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Blogging On History, Science, and Education

Reading About the Real World in English Class?

The books usually assigned in language arts classes--novels--don't prepare students to read with understanding about the world they inhabit. Yes, like everyone else I love a good novel. But nonfiction can be just as gripping. This year's "Boys In the Boat," is a page turner and a true story.
What about nonfiction that deals with physics or history? It can not only be compelling, it can lead to understandings of the world we inhabit. Good nonfiction is enthralling and, knowing that your are reading a true story? Well that just adds frosting to the reading cake.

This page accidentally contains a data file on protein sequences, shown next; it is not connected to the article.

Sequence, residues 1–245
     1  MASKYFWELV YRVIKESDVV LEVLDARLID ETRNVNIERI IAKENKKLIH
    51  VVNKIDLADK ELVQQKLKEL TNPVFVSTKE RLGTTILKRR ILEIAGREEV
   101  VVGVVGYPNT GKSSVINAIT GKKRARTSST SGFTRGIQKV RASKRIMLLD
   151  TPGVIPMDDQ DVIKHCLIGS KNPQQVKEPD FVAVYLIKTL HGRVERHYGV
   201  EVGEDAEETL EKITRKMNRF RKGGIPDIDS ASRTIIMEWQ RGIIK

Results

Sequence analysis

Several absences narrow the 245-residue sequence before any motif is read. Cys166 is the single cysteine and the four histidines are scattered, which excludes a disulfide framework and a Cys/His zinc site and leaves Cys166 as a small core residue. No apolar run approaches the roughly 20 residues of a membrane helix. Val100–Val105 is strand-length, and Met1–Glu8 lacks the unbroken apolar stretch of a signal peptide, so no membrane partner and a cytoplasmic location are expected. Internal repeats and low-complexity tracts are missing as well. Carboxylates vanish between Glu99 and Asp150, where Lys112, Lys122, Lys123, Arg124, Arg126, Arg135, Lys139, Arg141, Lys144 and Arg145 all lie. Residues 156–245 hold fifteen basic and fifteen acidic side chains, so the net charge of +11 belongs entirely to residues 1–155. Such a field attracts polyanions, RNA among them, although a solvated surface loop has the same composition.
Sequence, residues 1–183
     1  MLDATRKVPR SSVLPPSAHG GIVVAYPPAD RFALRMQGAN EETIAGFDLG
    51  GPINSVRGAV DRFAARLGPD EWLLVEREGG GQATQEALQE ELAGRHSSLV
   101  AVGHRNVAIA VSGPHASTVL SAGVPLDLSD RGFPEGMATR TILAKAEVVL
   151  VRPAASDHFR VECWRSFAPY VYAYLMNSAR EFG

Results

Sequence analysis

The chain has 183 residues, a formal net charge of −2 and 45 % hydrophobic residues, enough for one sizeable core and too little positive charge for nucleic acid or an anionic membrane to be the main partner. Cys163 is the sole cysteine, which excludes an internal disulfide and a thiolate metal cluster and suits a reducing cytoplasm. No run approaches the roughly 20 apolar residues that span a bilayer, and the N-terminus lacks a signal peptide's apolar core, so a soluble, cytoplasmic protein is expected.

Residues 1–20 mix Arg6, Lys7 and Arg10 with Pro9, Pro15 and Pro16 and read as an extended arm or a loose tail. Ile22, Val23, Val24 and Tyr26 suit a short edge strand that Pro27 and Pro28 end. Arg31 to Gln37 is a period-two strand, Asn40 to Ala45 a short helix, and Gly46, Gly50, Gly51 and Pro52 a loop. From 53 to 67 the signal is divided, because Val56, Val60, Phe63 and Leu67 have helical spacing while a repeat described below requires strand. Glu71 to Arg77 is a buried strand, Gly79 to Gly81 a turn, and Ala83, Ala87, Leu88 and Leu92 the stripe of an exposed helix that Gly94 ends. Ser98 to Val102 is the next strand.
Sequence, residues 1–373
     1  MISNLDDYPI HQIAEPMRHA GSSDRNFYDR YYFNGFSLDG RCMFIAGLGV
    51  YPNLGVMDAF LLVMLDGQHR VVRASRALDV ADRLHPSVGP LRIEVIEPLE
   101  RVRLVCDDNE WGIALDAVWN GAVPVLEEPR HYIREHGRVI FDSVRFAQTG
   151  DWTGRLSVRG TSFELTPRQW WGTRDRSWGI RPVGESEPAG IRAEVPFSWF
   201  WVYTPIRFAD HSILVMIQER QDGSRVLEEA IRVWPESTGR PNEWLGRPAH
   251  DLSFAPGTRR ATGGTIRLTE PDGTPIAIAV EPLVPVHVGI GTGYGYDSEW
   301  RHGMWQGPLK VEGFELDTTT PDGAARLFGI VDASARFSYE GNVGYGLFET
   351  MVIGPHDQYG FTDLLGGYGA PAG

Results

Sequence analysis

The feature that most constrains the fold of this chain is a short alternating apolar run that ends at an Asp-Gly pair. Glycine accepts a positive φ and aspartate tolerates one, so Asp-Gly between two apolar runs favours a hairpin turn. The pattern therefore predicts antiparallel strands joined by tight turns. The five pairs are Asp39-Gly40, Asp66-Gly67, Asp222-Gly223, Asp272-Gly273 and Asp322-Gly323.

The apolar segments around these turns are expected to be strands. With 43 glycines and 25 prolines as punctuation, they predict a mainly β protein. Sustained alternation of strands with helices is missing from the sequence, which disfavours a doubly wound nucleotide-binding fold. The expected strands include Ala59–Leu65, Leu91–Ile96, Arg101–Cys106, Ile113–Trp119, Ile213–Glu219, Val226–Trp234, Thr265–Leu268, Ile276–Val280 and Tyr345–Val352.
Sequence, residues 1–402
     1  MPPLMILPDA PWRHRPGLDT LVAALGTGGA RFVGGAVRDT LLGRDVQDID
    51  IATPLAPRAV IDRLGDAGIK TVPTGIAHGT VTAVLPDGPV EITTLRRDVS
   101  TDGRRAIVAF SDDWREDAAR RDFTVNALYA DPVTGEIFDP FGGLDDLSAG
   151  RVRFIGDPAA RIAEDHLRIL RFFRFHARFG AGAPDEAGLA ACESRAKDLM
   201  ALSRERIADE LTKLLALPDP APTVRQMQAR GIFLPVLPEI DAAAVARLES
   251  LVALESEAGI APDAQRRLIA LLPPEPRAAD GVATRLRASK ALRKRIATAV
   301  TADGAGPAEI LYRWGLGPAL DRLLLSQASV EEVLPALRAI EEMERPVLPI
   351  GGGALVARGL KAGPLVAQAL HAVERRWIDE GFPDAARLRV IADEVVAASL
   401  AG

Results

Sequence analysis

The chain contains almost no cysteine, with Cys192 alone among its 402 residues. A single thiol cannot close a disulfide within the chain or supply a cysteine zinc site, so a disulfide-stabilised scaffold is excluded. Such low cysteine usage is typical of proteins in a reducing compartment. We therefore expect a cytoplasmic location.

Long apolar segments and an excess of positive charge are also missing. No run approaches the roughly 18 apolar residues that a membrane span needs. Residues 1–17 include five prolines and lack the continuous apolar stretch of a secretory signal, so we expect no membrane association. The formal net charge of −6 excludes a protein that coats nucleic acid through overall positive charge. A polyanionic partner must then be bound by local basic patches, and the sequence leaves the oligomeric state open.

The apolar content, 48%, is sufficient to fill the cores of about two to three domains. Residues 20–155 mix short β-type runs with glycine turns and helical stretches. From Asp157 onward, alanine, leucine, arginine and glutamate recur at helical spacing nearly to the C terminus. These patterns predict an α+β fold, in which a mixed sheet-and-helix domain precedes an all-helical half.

Here is E.D. Hirsch again, "The association of language arts mainly with fiction and poetry is an accident of recent intellectual history that is not inherent in the nature of things. Older American texts that were designed to teach reading, such as the McGuffey Readers, contained moral tales and historical narratives as well as fictional stories (not that we should go back to the McGuffey Readers, which have many shortcomings). Ideally, a good language arts program in the early grades will contain not only fiction and poetry but also narratives about the real worlds of nature and history. Ideally, such a program will fit in with and reinforce a well-planned overall curriculum in history, science, and the arts."
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